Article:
For thousands of years, after the birth of a child, the aunties would take the placenta, wrap it in ash and bark and then bury the placenta beneath a tree. This was a ritual to give thanks to Mother Earth, source of life.
So each step we take, we must be careful, because a child was born here. You must walk on this land carefully, responsibly, always respecting its resources and walking together with the first peoples in genuine reconciliation.
Over forty thousand years ago mourners gathered around a gravesite on the shores of Lake Mungo, NSW, to farewell someone they loved. They lit a large fire sending smoke swirling through the mourners to purify the area and smoke away evil spirits. There was obviously something very special about this man. Was he a father, brother or uncle? We know he was somebody's child. Was it the aunties who laid his sleeping body to rest, bringing his knees closely into a foetal position, placing his hands together and anointing him with the red ochre, which is the blood red symbol of life? This signalled a connection to something beyond everyday humanity. It spoke then and speaks today of a direct spirit-link with the Earth from which it came.
Can you imagine tears of sadness flowing down the mourners’ cheeks and the wailing as the final layers of sand were spread over the sleeping body?
Little did those people ever imagine that body would rise to the earth's surface, to surprise and educate people more than 1000 generations later.
Or did Mungo Man rise to the surface to give scientific evidence to the world that Australia’s Aboriginal people are the true first people to this land?
In 1919 a child was born on the banks of Murrumbidgee River. In Balranald on Mutthi Mutthi country, at the place we call the Dippo, her placenta was also covered in ash, wrapped in bark and buried beneath a tree where her mother gave birth to her.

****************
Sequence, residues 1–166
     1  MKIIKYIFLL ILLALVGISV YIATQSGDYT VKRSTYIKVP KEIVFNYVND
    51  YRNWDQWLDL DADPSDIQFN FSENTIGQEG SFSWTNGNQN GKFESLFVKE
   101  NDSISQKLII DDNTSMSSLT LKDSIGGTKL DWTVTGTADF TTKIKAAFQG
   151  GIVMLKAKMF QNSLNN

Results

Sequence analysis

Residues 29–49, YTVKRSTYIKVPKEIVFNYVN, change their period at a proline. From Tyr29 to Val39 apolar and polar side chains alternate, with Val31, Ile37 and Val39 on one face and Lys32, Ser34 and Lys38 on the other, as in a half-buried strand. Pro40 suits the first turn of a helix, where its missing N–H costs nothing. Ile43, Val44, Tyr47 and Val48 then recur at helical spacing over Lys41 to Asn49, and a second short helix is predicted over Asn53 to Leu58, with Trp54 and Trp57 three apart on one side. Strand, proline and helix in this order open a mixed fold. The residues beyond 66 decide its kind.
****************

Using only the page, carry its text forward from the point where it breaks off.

This child was named Alice Ellen Pearce (Kelly), a Mutthi Mutthi woman destined to be the Keeper of Culture, Law and Language. A woman who breathed life into the dry bones of her Ancestors, bringing back the dignity and recognition of the sacredness, unfolding the secrets that give life to clans and tribes today. From her humble home at 82 O’Connor Street, Alice Kelly’s name became known as the woman you need to talk to. Alice challenged the scientific world to stop taking ancestral remains and view the ancient occupation of this land through a new lens.
Mungo Man was taken from his sacred burial ground in 1974 without permission. This caused great pain and heartache to Alice Kelly who mourned until the day she passed to have Mungo Man spirit bought back to country.
Scientist soon realized they could not continue their work unless there was an act of justice. Hence the return of Mungo Mans skeletal remains November 2017, thanks to Alice Kelly.
“By Mungo Man’s death and reappearance, Mungo Man has revealed to us that deep spirit connection his people had with the earth. For a moment, let us respectfully consider points of similarity between the death of Mungo Man and the death of Jesus.
Although the nature and occasions of those two deaths were very significant, those events on the shores of Lake Mungo resonate with those in Jeruslem.
With the spirit messages of Christ expressed in his frequent parables of the Earth, the connections revealed by Mungo Man with nature both reflect that deep spirit connection between the divine and the earth, or Mother. Like Christ, that ritual death of Mungo Man reflects a deep spirit bond with the world, with the sand, the soils, the plants and animals that we take so much for granted. The spirit-bond establishes a sacred status between people and earth, between nature and culture. The earth from which we came, here takes on its special spirit significance. In union with Mungo Man we can say the world around us, from stars in the heavens to the rocks and plants on earth, all share in the sacred relationship with the divine. Confirmed by the Resurrection of Christ, it was prefigured 38,000 years earlier. It speaks to us today in the re-emergence from the death and burial of that man on Lake Mungo shores 40,000 years earlier”. Abstract of What is Sacred, written by Dr Jim Bowler for this ceremony.
Something to reflect on:
Image: The Tirkandi Inaburra Indigenous dancers welcome Mungo Man back to country during a ceremony on November 16, 2017, in Hay, Australia. (Photo by Lisa Maree Williams/Getty Images - Used with permission).
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